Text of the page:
SGA-Led Project Stewardship Offers Students Support

Written by Logan Stott

No one ever said medical school was easy but with proper support, the gifted students at RVU can rise to any challenge. That support comes in a variety of ways: whether it be from family, friends, or in the case of Project Stewardship, from their student government. Austin Anderson, OMS II, President of the Student Government Association (SGA), knew he had classmates who didn’t receive the moral and emotional support they needed to succeed. “I got the creeping feeling that some of my classmates were really feeling disconnected from their school and from their peers,” SD Anderson said. “I asked my class council to be mindful of those that might be especially struggling with isolation and feelings of loneliness.” But even then, he worried that it wasn’t enough.

Austin Anderson, OMS II

To combat this problem, SD Anderson developed Project Stewardship, an initiative designed to help student representatives better know their classmates’ needs, concerns, and struggles. When SD Anderson presented Project Stewardship to his peers, “It passed with a unanimous vote,” he said. It became SGA’s “vision and goal for this term.”

One thing that Project Stewardship emphasizes is communication between the SGA and students and that is accomplished, in part, by having each class council president send a direct, personal message to every member of their respective classes. SD Anderson typically sends two open-ended questions: “How are you holding up with everything going on?” and “Is there anything [your] class council can do for you?” So far, these simple questions have yielded great results. Messaging each student didn’t just build conversation, it also served as a foundation for receiving student feedback. “Most responses were cordial and people expressed thanks. However, I was shocked to see how many people were just waiting for someone to ask them that question,” SD Anderson said. “I got feedback for what my class council could do to improve curriculum, wellness, programming, and much more,” he said. Students who shared major struggles or tragedies were also consoled and made aware of RVU’s counseling and mental health resources.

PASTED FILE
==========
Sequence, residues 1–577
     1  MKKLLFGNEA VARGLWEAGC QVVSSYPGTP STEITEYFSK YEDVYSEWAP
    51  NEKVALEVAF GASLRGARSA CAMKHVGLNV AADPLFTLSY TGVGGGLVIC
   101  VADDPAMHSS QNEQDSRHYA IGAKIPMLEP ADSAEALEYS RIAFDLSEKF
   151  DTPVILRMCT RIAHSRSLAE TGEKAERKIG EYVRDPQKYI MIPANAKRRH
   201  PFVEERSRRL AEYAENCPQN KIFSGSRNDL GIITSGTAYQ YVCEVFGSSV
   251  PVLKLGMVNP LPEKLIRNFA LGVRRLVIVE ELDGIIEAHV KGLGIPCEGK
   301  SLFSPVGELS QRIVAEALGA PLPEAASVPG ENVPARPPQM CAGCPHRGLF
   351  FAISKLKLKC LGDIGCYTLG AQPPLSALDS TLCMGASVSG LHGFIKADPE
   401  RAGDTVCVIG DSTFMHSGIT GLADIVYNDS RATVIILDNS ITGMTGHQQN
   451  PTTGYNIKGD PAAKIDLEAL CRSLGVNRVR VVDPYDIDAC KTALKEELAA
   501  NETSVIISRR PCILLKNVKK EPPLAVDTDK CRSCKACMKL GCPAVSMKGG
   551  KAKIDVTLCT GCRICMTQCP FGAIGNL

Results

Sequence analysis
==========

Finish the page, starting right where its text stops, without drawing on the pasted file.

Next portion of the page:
In addition to friendly conversation and words of encouragement, the project also sends out physical gifts, including gifts to those in need. When the SGA learns of students who have recently experienced loss or trauma, they send a care package. “We have sent a few flower bouquets [and] preassembled care packages. Right now, I have members of my team constructing care packages [for the] students,” SD Anderson said. Oftentimes, students receiving care packages are on medical hiatus from RVU, and these gifts keep them feeling connected to their peers at the University. Gift cards are also given sporadically to students at RVU, in what the project refers to as “random acts of kindness.”

Even small gifts go a long way to brightening someone’s day and when students can connect with one another and feel secure in sharing their feelings, that makes a big difference. In a time of increased distance and decreased physical support from family and friends, SD Anderson’s efforts are bringing classmates together and creating a more effective and connected student government.

This article was originally featured in RVU’s Vista View Newsletter. To view the full issue, visit

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